During the 1910s, Zecchin was a prominent figure in the Italian secessionist circles, starting with his exhibitions organized by the Bevilacqua La Masa Foundation at Ca’ Pesaro, the place in Venice attended by the most reformist front – if not strictly avant-garde – of the city. The artist then exhibited at the Roman Secessions (1913, 1914 and 1915), as well as in Munich (1913). In the Venetian secessionist circles he came into contact with Teodoro Wolf-Ferrari (1878-1945), who was also involved in both pure and applied arts and influenced by the beyond the Alps secession. Some echoes of Wolf-Ferrari’s most symbolist landscapes, characterized by an attention to the distillation of the most geometrizing elements of Nature, particularly in the translations that he will make into glass, can be captured in the painting into consideration, Annunciation. As in the works of Wolf-Ferrari, in this painting there seem to be elements that are very close to the results of certain French painting – of the Nabis, for example, in particular of Maurice Denis – moreover well diffused in the Ca’ Pesaro circles by Gino Rossi, although re-read in a more aesthetical key.

What characterizes the painting, conceived as a tapestry (probably a sketch for a larger decorative panel), strongly two-dimensional in the conception of space and marked by a juxtaposition of à plat geometric elements, are the almost transparent colors, an harmony all played in shades of greens, blues, pinks, which anticipate – in a certain sense – those used for the glasses that he will design for Cappellin and Vanini starting from 1921. As Cappellin and Venini’s vases represent one of the most elegant and successful aspects of the Italian déco, so this canvas anticipates the geometries and dryness of the entre-deux-guerres decorative taste (noticeable in particular in the silhouette of the trees and in the two thin daisies that refer to the title of the painting, Annunciation) of which Zecchin was a protagonist. In this sense, it is above all the collaboration with Maria Monaci Gallenga, friend and supporter of the artist and his work, which will prove to be central, in particular in some fundamental episodes of those years, such as the participation to the Exposition internationale des Arts Décoratifs et industriels modernes of 1925, which represents the pinnacle of the partnership between them. In fact, almost as if sanctioning the beginning of their understanding, the work was purchased in 1919 by Monaci Gallenga on the occasion of his exhibition at the Mostra di bozzetti di pittura e scultura at the Venice Lido. Two versions of the painting are known, the present one and another in the FB collection in Rome, identical in every way, including the technical details of canvas and frame. Recently the FB copy was displayed at the exhibition dedicated to the Roman stylist and gallery owner at the Galleria Nazionale d’Arte Moderna e Contemporanea of Rome.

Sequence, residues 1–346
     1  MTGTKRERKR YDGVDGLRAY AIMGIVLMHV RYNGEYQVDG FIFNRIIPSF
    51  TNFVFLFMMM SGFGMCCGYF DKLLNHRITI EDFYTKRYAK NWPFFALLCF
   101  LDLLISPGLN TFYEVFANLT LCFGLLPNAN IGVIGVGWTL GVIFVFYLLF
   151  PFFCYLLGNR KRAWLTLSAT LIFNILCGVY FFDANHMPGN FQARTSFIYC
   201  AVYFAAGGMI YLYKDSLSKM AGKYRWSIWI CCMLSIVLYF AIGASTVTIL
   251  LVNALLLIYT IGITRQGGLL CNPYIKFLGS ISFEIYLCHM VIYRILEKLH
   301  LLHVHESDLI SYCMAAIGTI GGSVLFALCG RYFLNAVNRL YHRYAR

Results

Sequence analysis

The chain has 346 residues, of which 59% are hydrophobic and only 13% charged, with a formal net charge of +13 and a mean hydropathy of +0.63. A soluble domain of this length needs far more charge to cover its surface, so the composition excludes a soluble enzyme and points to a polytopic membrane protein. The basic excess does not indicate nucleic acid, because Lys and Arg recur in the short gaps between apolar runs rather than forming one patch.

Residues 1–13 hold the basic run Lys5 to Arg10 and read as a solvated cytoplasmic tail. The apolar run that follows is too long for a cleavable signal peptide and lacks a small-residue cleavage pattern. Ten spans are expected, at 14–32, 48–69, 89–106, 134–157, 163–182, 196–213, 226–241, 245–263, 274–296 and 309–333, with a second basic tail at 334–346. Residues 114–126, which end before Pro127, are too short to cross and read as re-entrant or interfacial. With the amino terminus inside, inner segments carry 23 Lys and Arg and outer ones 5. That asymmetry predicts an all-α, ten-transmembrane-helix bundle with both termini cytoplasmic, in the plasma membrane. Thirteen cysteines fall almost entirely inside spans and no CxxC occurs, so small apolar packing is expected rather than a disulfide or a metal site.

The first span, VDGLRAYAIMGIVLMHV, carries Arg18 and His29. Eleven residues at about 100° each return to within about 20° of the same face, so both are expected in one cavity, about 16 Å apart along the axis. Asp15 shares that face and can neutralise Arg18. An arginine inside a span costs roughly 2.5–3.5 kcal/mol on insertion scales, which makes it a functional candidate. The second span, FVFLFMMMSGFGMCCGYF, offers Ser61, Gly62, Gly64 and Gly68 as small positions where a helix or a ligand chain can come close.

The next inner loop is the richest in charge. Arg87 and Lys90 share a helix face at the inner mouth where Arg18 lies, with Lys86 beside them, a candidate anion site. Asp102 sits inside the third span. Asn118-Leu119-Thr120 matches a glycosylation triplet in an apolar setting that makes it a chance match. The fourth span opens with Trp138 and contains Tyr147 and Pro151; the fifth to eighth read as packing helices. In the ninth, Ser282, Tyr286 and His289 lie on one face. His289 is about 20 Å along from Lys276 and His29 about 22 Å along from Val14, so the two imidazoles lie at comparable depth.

Matteo Piccioni